At commencement, Lessor Corp would first determine the total net investment in the lease as the present value of the lease receivable and the unguaranteed residual asset.
  • The present value of the lease receivable is equal to the present value of the remaining lease payments discounted at 7.04%; this amount is $3,722.
  • The present value of the unguaranteed residual asset discounted at 7.04% is $178.
  • Lessor Corp’s net investment in the lease is $3,900 (the sum of the lease receivable ($3,722) and the unguaranteed residual asset ($178)).
Since control has been deemed to have transferred to Lessee Corp, profit is recognized by Lessor Corp at lease commencement. The selling profit is calculated as follows:
Present value of the lease receivable
$3,722
Plus, the lease payment received at lease commencement
1,100
Less, the carrying value of leased asset ($4,500) net of unguaranteed residual asset ($178)
(4,322)
Selling profit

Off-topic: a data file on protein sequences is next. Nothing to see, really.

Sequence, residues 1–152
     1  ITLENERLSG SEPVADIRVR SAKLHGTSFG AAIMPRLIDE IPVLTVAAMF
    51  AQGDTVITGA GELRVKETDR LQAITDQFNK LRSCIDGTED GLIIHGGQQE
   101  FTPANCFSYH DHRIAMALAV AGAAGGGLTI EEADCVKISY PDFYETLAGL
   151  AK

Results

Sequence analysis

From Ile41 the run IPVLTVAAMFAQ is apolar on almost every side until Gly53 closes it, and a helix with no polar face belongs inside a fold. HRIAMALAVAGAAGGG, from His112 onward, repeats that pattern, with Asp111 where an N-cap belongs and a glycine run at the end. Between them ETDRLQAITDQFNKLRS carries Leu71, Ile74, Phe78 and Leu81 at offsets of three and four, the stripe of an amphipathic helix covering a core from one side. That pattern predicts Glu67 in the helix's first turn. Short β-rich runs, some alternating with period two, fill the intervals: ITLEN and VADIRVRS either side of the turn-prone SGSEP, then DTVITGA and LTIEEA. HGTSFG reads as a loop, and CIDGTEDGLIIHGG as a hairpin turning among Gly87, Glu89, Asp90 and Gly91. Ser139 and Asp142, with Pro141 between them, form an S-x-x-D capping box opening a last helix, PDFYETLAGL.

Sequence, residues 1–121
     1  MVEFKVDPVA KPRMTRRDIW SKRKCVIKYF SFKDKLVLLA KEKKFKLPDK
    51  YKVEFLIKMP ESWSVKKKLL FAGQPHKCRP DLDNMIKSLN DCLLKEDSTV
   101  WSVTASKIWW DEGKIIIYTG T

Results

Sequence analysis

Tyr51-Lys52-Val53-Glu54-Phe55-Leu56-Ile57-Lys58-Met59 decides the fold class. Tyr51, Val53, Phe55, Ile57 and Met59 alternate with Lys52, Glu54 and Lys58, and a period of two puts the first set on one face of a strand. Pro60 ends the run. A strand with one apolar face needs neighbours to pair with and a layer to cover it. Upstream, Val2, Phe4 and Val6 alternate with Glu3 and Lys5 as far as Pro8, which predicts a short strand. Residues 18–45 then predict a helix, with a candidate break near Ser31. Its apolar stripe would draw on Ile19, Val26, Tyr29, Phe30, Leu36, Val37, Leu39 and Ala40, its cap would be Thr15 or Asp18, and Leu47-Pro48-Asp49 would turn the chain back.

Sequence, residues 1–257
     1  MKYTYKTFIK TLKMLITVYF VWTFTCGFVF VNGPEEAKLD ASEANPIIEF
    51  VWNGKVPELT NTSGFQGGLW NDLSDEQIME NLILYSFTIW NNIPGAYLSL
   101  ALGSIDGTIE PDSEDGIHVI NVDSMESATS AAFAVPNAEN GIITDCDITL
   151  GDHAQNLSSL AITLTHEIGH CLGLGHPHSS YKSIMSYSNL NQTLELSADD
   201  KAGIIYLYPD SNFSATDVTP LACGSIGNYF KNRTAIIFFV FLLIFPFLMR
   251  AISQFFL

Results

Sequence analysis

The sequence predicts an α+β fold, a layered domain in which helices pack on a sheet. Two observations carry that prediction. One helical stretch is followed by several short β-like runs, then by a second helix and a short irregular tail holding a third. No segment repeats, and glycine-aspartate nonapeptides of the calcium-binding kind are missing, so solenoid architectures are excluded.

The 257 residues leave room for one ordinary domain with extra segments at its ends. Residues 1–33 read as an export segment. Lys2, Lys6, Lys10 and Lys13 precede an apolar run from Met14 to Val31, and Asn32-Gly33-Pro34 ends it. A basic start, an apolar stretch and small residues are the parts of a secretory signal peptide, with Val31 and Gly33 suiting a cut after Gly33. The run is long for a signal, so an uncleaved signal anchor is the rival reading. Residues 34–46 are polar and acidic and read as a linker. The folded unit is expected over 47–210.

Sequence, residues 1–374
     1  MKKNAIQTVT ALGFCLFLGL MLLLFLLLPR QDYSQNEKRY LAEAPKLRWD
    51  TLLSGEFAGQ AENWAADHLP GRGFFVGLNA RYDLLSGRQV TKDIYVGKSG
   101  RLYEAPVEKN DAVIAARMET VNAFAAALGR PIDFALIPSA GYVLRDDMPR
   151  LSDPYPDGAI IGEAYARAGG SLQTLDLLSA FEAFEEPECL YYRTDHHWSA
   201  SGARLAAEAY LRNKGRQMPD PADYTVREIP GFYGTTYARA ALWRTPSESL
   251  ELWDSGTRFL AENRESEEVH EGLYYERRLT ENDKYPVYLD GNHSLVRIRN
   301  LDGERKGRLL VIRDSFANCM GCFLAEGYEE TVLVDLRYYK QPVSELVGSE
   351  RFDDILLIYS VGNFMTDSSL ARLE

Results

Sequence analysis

$500
Lessor Corp would record revenue at lease commencement equal to the lease receivable amount plus the lease payment received at lease commencement ($4,822). Cost of goods sold would be recorded as the difference between the carrying value of the leased asset ($4,500) and the discounted value of the unguaranteed residual asset ($178).
In order to account for the transaction after lease commencement, Lessor Corp would first schedule out the cash flows on the lease receivable as shown in the following table.
Payment
Interest income
Lease receivable
Lease commencement
$3,722
Year 1
*
$262
3,984
Year 2
1,100
203
3,087
Year 3
1,100
140
2,127
Year 4
1,100
73
1,100
Year 5
1,100
$4,400
$678
View table
* In year 1, payment was made at lease commencement, so it is not included in the lease receivable.